KINGMAN, Ariz. — A body was been found buried in concrete and dirt in the backyard of the former home of a 63-year-old Kingman man arrested in July after he confessed to killing a friend, authorities said.

An autopsy is pending to determine the identity and cause of death, but the Mohave County Sheriff’s Office said Tuesday the body recovered Monday night after digging with the use of a jackhammer and other equipment is believed to be that of John Holland, 65.

Richard Joseph Polaski is charged with premeditated first-degree murder.

Authorities said Polaski admitted to a homicide while speaking with police in Laughlin, Nevada, and that he then told investigators he gained access to Holland’s investment account after killing Holland in 2015.

The Mohave County Public Defender’s Office did not immediately respond to a request for comment on the allegations against Polaski.

The Kingman Daily Miner ( ) reported that police in Laughlin contacted Polaski on July 9 after he attempted to kill himself by overdosing on over-the-county pills while in the Colorado River town.

A search warrant affidavit said Polaski told police “that he tried to kill himself because he had killed one of his friends, John Holland, 65, on or about the 27th day of July, 2015, and that his body was buried in the backyard of East Lass Avenue.”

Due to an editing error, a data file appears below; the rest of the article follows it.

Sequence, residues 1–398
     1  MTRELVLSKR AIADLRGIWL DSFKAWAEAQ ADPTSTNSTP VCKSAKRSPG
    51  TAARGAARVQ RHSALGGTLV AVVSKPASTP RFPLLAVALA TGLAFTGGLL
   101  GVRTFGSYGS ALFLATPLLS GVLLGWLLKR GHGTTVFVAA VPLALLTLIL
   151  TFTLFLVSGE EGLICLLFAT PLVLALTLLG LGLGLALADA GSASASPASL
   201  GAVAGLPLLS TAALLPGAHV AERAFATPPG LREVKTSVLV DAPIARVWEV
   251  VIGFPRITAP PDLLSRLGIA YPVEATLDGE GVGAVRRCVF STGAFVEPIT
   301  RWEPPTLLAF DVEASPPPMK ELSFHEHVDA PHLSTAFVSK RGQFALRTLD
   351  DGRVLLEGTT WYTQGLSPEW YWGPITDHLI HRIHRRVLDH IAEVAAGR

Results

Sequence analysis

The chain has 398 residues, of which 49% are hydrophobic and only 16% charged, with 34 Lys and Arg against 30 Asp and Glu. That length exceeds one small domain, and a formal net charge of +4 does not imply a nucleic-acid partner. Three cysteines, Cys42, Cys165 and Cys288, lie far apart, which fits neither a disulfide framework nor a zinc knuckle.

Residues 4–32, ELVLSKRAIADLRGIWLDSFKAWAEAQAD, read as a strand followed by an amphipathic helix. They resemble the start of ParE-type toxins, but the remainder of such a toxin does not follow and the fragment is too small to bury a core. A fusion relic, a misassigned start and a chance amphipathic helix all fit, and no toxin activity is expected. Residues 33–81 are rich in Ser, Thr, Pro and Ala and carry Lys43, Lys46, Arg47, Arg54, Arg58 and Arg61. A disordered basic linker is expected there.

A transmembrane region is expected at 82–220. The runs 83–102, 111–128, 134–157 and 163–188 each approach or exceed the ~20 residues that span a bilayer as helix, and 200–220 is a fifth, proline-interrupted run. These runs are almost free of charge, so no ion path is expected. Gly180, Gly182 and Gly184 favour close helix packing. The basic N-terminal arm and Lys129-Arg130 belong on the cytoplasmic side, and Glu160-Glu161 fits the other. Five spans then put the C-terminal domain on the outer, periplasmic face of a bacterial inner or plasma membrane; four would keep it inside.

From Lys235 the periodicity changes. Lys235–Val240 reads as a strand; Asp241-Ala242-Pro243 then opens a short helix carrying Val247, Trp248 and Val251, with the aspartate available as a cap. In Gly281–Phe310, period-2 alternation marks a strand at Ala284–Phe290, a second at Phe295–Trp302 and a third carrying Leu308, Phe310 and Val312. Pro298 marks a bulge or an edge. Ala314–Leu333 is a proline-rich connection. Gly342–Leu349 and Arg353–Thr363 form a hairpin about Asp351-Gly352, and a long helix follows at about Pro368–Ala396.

Polaski stated “that during an argument with (Holland) at his residence, he had stabbed him in the stomach several times until he died. (Polaski) then disposed of Holland’s body in a hole in his (Polaski’s) backyard located on Lass Avenue, then covered it with several feet of concrete,” according to the affidavit.

Polaski in April sold his residence with the body still buried in the backyard, he told investigators.

Chief Sheriff’s Deputy Rodney Head said authorities wanted to give the new homeowners advance warning and proper respect for their property.

VIAThe Associated Press
The AP is one of the largest and most trusted sources of independent newsgathering. AP is neither privately owned nor government-funded; instead, as a not-for-profit news cooperative owned by its American newspaper and broadcast members, it can maintain its single-minded focus on newsgathering and its commitment to the highest standards of objective, accurate journalism.